While reading The Little Book of Common Sense Investing by Vanguard founder Jack Bogle, I found one of the chapters on predicting future stock returns especially interesting. Here’s my attempt at summarizing it.
What are we buying when we buy a share of a company? Essentially, we are buying a stream of future money. That money is returned to us the form of earnings growth (which increases the share price) and dividends (which goes straight to us as cash).
As an example, let’s take a fictional company and call it Bob’s Taco Shack. The taco stand has earnings of $20,000 a year. It has 1,000 shares, so it’s earning $20 per share (EPS). Bob gives out $10 of that $20 as a dividend to shareholders, and reinvests the remaining $10 back into the company. Currently, the share price is $200, which gives us a price/earnings ratio of 10 and a dividend yield of 5%. Now, let me pose some statements, which I hope make sense.
- If earnings stay constant, then one would expect the share price to stay constant as well. The stream of money coming is the same, so the price should be the same.
- If earnings stay constant, and dividends are 5% year, then your return should be just that 5% a year. From the example, you just get that $10 in dividends (5% of $200).
- If earnings grow by 5% a year, and there are no dividends, then your return would again be 5% a year. You are paying 10 times earnings. If the earnings go up by 5% to $21 per share, then the share price should go up to $210. You earned the same amount as the earnings grew.
This leads to the formula for what Bogle terms the “fundamental” return:
Fundamental Return = Earnings Growth + Dividend Yield
Now, if Bob announces that he plans to expand into fancy shrimp tacos and fish tacos, then maybe people will expect higher future profits and be willing to pay more per share, raising the P/E ratio. But this is based on speculation. Bob hasn’t actually done anything yet. So now we have speculative return:
Speculative Return = P/E Ratio Changes
Over long periods of time, if you take the entire stock market, you would expect the speculative return to be very negligible. This makes a lot of sense, right? In the end, you’ve got to show me the money! And history agrees. Over the last 100 years, the total annualized return for the total U.S. market was 9.6%, and all but 0.1% of that was explained by earning growth and dividends. (See graph below.)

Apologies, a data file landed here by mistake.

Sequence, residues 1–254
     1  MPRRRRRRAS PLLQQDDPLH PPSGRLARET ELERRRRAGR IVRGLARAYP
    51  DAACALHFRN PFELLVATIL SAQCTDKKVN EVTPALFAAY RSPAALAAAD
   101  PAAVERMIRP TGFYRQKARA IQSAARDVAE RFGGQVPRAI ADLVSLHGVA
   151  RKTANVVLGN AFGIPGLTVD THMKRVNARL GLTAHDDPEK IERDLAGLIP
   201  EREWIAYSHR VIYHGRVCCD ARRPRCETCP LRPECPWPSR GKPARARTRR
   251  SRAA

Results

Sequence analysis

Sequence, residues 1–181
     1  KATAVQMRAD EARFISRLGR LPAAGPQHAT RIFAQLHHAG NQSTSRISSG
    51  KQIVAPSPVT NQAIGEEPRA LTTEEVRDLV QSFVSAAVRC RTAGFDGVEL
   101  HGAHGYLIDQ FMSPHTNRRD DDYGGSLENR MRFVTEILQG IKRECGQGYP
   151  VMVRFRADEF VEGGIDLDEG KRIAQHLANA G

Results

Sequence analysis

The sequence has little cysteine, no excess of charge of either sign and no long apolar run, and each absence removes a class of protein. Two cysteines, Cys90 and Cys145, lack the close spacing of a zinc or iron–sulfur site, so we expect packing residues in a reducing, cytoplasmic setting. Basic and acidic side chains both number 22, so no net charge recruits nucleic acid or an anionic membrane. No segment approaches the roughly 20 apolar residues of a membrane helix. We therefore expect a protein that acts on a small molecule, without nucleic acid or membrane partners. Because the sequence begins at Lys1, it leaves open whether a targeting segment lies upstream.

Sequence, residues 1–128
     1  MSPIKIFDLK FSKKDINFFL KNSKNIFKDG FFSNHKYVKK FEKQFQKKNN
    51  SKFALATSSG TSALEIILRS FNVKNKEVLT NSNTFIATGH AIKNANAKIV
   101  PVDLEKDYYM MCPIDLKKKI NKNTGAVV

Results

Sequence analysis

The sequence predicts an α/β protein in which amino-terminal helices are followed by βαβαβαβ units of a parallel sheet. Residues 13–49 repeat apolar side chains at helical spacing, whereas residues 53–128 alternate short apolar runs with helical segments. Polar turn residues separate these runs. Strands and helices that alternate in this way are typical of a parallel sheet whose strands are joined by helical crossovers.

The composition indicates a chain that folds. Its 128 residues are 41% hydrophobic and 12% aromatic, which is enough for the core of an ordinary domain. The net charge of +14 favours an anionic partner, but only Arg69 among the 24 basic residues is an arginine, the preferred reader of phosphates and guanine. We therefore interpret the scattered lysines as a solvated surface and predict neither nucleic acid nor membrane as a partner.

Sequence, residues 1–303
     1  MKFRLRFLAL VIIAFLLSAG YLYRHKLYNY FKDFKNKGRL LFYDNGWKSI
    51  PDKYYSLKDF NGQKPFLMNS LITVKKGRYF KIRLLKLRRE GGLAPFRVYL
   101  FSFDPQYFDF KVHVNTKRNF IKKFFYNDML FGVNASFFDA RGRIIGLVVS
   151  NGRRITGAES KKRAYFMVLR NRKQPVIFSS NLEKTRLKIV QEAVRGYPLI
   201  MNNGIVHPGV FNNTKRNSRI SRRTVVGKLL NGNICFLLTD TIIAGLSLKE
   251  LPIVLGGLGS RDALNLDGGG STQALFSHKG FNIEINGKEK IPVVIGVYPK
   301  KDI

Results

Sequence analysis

What about the future?
Great, right? As long as corporate earnings growth keeps chugging along and we keep getting some dividends, we should be good to go. Over the past 25 years, the U.S. stock market has had earnings growth of 6.4% and an overall dividend yield of 3.4%. Nice! But wait – there was also a speculative return of 2.7% due to the overall P/E ratio expanding from about 9 to 18!
Total Return = Fundamental Return + Speculative Return
As you can see below, that gave us really strong annual returns of 12.5% since ~1980. The problem is, this isn’t likely to continue. For one, dividend yields continue to drop, and are now about 2%. As Bogle states, even if you assume a continued corporate earnings growth rate of 6%, now you have a total of 2 + 6 = 8%. But the P/E ratio is not likely to get any bigger. If anything, history says it should shrink back a bit. If it goes back to 16, that alone will subtract 1% from expected returns.
Data taken from Little Book of Common Sense Investing, Exhibit 7.1
(If you don’t agree with the 7% number, make up your own based on your expected dividend rate, earnings growth, and future P/E expansions or shrinkage.)
As you can see, this shows that it is unlikely that in the next 25 years we will earn much more than 8% annually from stocks alone, and chances are it will be more in the range of 7%. Add in those bonds as you get older, and that return decreases even further. Food for thought…
My comment was – Will earnings growth rates increase, as companies are presumably re-investing money not paid as dividends in themselves? I sure hope so, but it seems like a lot to ask.